One remembers his first modest advertisements headed with the magic word Thrift, Thrift, Thrift, thrice repeated; promising ten per cent. on all deposits and giving the address of the Thrift and Independence Aid Association in Vauxhall Bridge Road. Apparently nothing more was necessary. He didn’t even explain what he meant to do with the money he asked the public to pour into his lap. Of course he meant to lend it out at high rates of interest. He did so—but he did it without system, plan, foresight or judgment. And as he frittered away the sums that flowed in, he advertised for more—and got it. During a period of general business prosperity he set up The Orb Bank and The Sceptre Trust, simply, it seems for advertising purposes. They were mere names. He was totally unable to organize anything, to promote any sort of enterprise if it were only for the purpose of juggling with the shares. At that time he could have had for the asking any number of Dukes, retired Generals, active M.P.’s, ex-ambassadors and so on as Directors to sit at the wildest boards of his invention. But he never tried. He had no real imagination. All he could do was to publish more advertisements and open more branch offices of the Thrift and Independence, of The Orb, of The Sceptre, for the receipt of deposits; first in this town, then in that town, north and south—everywhere where he could find suitable premises at a moderate rent. For this was the great characteristic of the management. Modesty, moderation, simplicity. Neither The Orb nor The Sceptre nor yet their parent the Thrift and Independence had built for themselves the usual palaces. For this abstention they were praised in silly public prints as illustrating in their management the principle of Thrift for which they were founded. The fact is that de Barral simply didn’t think of it. Of course he had soon moved from Vauxhall Bridge Road. He knew enough for that. What he got hold of next was an old, enormous, rat-infested brick house in a small street off the Strand. Strangers were taken in front of the meanest possible, begrimed, yellowy, flat brick wall, with two rows of unadorned window-holes one above the other, and were exhorted with bated breath to behold and admire the simplicity of the head-quarters of the great financial force of the day. The word THRIFT perched right up on the roof in giant gilt letters, and two enormous shield-like brass-plates curved round the corners on each side of the doorway were the only shining spots in de Barral’s business outfit. Nobody knew what operations were carried on inside except this—that if you walked in and tendered your money over the counter it would be calmly taken from you by somebody who would give you a printed receipt. That and no more. It appears that such knowledge is irresistible. People went in and tendered; and once it was taken from their hands their money was more irretrievably gone from them than if they had thrown it into the sea. This then, and nothing else was being carried on in there . . . ”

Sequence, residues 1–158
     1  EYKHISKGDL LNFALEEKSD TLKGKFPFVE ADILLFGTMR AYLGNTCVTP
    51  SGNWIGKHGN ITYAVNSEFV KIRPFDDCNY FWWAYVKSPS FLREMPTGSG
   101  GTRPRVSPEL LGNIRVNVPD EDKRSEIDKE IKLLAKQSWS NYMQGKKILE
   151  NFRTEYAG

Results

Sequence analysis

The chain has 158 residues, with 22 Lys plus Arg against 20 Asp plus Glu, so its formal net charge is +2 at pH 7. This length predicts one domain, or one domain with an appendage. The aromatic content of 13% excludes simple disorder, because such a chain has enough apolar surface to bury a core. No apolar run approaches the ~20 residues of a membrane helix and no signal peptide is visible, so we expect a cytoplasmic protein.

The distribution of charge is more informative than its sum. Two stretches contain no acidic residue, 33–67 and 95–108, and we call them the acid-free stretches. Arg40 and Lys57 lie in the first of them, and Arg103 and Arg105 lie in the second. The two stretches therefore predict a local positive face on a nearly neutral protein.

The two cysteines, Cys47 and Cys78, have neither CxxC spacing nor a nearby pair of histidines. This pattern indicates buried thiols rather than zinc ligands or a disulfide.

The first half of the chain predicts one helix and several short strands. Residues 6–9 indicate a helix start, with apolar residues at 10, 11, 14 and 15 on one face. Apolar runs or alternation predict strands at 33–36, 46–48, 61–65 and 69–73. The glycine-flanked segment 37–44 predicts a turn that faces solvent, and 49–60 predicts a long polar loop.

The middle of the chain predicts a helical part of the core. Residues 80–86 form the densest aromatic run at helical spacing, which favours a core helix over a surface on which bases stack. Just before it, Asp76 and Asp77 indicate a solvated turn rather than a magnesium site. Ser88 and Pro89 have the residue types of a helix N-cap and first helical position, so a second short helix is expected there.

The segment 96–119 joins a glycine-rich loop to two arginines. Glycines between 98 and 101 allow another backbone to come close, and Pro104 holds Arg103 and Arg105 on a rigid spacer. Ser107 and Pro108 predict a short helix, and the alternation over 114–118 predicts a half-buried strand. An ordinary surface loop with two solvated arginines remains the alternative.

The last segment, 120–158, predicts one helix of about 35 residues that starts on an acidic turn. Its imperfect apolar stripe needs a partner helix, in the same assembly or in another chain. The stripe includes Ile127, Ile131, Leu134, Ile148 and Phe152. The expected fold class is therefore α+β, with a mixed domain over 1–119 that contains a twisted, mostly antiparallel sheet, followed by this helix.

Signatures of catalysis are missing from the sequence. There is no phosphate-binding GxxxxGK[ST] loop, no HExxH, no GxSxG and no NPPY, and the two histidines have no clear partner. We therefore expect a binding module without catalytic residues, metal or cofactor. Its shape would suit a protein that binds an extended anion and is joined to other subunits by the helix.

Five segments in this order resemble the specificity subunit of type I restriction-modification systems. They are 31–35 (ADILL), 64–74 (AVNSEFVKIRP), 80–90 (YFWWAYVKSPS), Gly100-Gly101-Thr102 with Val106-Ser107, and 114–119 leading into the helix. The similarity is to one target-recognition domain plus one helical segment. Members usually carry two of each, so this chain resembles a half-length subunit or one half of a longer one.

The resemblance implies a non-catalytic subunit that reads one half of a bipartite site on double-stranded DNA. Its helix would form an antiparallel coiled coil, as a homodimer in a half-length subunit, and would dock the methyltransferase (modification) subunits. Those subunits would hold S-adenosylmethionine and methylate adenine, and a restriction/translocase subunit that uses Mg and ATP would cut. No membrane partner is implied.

“Come, Marlow,” I said, “you exaggerate surely—if only by your way of putting things. It’s too startling.”

“I exaggerate!” he defended himself. “My way of putting things! My dear fellow I have merely stripped the rags of business verbiage and financial jargon off my statements. And you are startled! I am giving you the naked truth. It’s true too that nothing lays itself open to the charge of exaggeration more than the language of naked truth. What comes with a shock is admitted with difficulty. But what will you say to the end of his career?